When Hispanic voters were asked why Kerry lost, they focused above all on Kerry himself, his lack of clear convictions, followed by worries about his positions on abortion and gay marriage. . . .

That values issues were part of the erosion in 2004 and 2000 is not the same as saying that addressing those issues directly is the best way to rebuild the Democrats' majority. Majorities of Hispanics believe we should be tolerant of homosexuality, would keep abortion legal, and support stem cell research, even with church opposition. This is especially true among the large younger and more middle-class segments of the community. . . .

[Hispanics'] views on values, family, the economy, the poor, working people and the middle class, community and government, and how best to expand opportunity and realize the American dream put these voters in the center of a Democratic world-if the Democrats would remember what it means to be a Democrat in these times. (emphases added)

Do I detect a theme here? Just as Democrats-see the post below-will do best among difficult, contestable voter groups by making clear what they stand for, they will maximize their potential gains among Democratic-leaning Hispanics by doing the very same thing. Sounds like a winner to me.

August 27, 2005

Bush’s First Sub-40 Approval Rating

By Ruy Teixeira

In late June, I remarked:

If present trends continue, it will not be long before Bush receives his first sub-40 overall approval rating, a traditional marker of an incumbent administration in serious trouble.

Well, it's here. In the latest American Research Group (ARG) poll, Bush's overall approval rating is down to 36 percent, with 58 percent disapproval. This result is importantly driven by Bush's relatively low rating among Republican identifiers (77 percent). As I also observed in late June:

Bush's approval rating among Republicans has fallen in recent months from around 90 percent to around 85 percent. It is entirely possible it will decline further if the difficulties of the Bush administration continue to deepen. Certainly, there is no sound reason to suppose Republican identifiers will somehow be immune from overall political trends.

Bush's 77 percent rating among Republicans suggests that attrition in Bush's approval rating among this group is indeed continuing. If so, we are likely to observe more sub-40 Bush approval ratings in the near future. Already, other public polls have come very close to breaking this barrier. The latest Ipsos-Associated Press and Newsweek polls have Bush's rating at 42 percent, the latest Quinnipiac and Survey USA fifty state polls have his rating down to 41 percent and, of course, the most recent Gallup poll has his rating right at 40 percent.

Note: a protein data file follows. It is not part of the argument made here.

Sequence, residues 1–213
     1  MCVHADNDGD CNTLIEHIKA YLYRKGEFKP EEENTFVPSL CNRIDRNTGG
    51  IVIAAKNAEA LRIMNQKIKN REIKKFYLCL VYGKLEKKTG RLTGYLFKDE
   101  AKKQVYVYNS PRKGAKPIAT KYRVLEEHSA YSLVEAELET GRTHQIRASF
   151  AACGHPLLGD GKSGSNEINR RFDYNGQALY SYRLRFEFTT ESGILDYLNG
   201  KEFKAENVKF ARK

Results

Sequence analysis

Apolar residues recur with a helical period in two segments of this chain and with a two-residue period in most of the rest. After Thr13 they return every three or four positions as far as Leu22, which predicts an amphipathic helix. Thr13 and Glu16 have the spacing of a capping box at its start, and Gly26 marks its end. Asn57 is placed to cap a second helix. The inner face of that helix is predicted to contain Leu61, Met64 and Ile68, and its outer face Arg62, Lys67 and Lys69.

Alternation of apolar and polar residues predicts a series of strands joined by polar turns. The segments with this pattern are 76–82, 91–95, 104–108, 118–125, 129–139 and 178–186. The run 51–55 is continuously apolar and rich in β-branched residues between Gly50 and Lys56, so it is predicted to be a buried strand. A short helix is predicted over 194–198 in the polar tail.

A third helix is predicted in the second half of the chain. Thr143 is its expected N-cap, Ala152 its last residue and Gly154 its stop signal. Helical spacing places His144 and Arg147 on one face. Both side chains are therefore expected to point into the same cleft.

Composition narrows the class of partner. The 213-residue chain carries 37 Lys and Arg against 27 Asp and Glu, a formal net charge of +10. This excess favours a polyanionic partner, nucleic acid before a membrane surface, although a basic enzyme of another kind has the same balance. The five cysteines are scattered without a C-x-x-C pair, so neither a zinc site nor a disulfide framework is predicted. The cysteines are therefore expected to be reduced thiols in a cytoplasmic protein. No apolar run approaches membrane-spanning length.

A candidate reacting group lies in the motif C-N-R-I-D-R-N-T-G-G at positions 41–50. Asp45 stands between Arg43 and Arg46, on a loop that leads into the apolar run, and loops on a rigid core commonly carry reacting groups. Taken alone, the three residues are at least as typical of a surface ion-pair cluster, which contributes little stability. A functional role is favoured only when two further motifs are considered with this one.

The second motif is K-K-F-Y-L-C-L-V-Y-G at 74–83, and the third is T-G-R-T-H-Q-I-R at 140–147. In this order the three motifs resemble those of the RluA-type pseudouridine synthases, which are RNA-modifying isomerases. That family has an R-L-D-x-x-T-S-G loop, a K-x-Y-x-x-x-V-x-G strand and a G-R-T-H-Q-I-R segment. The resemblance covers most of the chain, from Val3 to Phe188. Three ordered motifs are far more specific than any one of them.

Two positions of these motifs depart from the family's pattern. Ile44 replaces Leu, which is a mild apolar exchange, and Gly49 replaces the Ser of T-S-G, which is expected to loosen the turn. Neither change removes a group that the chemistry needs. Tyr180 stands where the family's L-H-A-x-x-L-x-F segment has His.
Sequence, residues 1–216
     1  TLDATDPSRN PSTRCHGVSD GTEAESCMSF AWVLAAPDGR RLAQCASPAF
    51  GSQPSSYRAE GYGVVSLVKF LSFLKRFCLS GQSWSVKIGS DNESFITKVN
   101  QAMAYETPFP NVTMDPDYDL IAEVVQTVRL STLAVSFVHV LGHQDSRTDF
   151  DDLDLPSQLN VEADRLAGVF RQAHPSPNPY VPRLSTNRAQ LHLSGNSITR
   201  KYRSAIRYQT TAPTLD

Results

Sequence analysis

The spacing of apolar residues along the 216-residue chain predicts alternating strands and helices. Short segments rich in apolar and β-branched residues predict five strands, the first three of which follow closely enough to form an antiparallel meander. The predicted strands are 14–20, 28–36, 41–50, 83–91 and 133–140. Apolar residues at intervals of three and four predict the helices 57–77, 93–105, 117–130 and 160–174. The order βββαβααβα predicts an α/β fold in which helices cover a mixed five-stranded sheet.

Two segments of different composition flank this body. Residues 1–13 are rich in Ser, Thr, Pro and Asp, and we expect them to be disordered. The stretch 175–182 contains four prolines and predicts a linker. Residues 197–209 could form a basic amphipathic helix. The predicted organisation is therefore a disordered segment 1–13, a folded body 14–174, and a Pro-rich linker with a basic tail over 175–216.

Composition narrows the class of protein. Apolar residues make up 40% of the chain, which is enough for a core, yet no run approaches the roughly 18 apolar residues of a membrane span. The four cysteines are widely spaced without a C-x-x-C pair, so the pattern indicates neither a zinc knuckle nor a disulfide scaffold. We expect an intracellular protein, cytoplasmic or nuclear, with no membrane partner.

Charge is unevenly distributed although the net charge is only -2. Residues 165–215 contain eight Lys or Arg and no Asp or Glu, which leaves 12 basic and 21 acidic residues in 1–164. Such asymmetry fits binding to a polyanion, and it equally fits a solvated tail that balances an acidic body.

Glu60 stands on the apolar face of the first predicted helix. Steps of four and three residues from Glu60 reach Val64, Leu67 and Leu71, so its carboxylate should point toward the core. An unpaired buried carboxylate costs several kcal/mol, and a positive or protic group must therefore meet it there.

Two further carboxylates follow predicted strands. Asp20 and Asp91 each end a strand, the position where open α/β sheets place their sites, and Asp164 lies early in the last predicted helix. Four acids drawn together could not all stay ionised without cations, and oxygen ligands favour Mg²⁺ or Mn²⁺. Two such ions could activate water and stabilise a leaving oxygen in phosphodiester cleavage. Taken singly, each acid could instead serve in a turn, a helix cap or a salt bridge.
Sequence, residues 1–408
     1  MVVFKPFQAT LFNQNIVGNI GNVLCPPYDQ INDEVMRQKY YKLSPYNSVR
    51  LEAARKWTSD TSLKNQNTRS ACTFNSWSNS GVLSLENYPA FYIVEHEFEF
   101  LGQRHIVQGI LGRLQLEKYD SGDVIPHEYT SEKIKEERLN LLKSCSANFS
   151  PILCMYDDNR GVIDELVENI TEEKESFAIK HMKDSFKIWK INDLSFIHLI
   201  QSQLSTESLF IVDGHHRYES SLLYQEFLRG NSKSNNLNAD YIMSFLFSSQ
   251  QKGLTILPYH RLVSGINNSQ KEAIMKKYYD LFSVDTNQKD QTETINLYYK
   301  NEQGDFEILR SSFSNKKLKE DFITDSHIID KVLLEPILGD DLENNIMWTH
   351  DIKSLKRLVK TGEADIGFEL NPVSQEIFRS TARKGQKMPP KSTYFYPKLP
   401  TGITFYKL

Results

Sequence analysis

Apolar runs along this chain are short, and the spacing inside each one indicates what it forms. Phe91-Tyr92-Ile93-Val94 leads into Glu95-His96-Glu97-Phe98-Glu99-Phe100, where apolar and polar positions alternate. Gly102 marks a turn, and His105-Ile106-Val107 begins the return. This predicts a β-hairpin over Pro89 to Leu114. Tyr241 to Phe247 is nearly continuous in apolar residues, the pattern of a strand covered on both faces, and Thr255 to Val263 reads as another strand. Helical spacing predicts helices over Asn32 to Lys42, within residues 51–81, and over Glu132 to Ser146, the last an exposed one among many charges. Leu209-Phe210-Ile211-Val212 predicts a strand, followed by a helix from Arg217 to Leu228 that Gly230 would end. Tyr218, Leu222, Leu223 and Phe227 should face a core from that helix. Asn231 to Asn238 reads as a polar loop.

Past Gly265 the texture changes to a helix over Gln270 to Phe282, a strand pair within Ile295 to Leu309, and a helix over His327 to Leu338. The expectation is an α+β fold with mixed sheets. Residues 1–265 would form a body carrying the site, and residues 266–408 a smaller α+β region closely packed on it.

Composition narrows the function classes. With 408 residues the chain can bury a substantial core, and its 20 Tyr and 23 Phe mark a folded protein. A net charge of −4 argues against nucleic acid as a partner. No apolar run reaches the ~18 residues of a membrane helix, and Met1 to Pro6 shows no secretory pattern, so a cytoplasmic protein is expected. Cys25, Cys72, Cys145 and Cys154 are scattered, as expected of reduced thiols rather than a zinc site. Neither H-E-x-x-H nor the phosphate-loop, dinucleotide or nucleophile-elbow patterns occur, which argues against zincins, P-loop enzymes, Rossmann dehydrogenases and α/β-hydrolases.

The reasons for Bush's current low ratings are not hard to discern. First and foremost is probably Iraq and its increasingly vexed relationship to the war on terror. In the Newsweek poll, Bush's approval rating on Iraq is down to a shockingly low 34 percent, with 61 percent disapproval. Half the public now thinks we are losing ground rather than making progress (40 percent) in our efforts to establish security and democracy in Iraq. And a staggering 64 percent now believe the Iraq war has not made Americans safer from terrorism, compared to just 28 percent who believe it has.

No doubt related to the harsh judgements that the public is forming on the Iraq war, views on Bush's character-his other strong suit along with his stewardship of the war on terror-continue to erode. In the Ipsos-Associated Press poll, more now say he is dishonest (50 percent) than say he's honest (48 percent). And a clear majority (56 percent) now say he can be described as arrogant. Dishonest and arrogant. Not exactly the characteristics Americans are typically looking for in a president.